The incredibly shrinking euro?
The robust quantitative easing program put in place by the European Central Bank (ECB) recently will be instrumental in pushing the euro lower, thus stimulating the export side of the euro zone economy. Growth in other parts of the globe will also help cheaper imports from the currency bloc find a home.
Calls for a dramatic drop in the currency have made headlines recently, but strike me as wishful thinking. To be sure, money printing that suppresses interest rates weighs on the currency, and the euro should be lower to provide cover for a program of reforms. But, unless the ECB opts to target a level for the euro – akin to what the Swiss National Bank did for the franc/euro rate – it’s hard to see how such a drop would occur.
Even in the midst of its existential crisis in 2012, the euro only fell to 1.20 relative to the US dollar. A decline again to this level would represent nearly a 14% drop from its 1.39 peak this year. German policymakers will not be willing participants in a currency that infuses inflationary pressures into its economy. Weak growth and higher inflation are a recipe for short careers.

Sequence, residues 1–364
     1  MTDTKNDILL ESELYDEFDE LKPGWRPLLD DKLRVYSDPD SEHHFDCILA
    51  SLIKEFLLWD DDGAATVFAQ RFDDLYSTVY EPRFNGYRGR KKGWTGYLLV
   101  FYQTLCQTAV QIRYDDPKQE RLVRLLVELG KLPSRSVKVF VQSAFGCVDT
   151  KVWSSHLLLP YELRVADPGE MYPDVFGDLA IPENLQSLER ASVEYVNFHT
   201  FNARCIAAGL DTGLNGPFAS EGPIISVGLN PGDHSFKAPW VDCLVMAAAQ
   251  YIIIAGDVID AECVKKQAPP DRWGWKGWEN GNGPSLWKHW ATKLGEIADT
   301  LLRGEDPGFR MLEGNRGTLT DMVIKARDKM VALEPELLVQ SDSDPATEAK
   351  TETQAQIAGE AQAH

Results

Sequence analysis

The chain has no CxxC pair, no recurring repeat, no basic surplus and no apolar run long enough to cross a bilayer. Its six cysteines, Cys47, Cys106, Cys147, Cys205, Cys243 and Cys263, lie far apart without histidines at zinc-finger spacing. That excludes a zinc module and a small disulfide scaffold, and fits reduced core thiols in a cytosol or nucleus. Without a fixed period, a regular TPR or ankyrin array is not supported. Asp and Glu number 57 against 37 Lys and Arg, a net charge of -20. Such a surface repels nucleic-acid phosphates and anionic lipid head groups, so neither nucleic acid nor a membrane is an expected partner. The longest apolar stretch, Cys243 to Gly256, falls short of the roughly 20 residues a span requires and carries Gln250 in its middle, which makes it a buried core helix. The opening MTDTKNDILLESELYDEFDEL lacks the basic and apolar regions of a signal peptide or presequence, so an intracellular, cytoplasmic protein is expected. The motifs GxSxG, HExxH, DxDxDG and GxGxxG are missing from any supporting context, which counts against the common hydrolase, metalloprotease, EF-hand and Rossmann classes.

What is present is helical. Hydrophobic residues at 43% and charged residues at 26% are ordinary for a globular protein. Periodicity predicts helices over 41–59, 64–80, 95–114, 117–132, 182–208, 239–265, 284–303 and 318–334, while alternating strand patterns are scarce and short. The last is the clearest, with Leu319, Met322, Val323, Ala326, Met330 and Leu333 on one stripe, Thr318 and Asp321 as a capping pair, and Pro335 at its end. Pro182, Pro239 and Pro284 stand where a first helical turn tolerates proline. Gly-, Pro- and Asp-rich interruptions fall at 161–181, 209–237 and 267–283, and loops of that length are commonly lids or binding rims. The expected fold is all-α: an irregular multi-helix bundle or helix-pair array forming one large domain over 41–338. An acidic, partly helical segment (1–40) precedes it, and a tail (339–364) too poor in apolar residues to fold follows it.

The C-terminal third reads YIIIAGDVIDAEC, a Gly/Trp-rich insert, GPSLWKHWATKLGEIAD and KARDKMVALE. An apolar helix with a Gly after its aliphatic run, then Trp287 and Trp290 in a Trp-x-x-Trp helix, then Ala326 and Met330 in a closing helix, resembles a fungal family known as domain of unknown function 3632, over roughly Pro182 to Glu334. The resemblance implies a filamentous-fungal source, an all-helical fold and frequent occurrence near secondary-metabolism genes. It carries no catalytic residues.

The investment implications for the current state of play are clear, in our view, although you should bear in mind that you could still lose out. We are overweight euro zone equities based on two fundamental ideas: first, we believe their equity valuations are attractive especially when compared to their US counterparts. Second, the catalyst that would make the market rise is a more proactive stance from the ECB.
This is the policy we have been calling and hoping for, and it has finally arrived. It’s late in coming, but it’s here. The market has taken note, as shown by the EuroStoxx 50 Index which has advanced significantly since early August. So far, so good.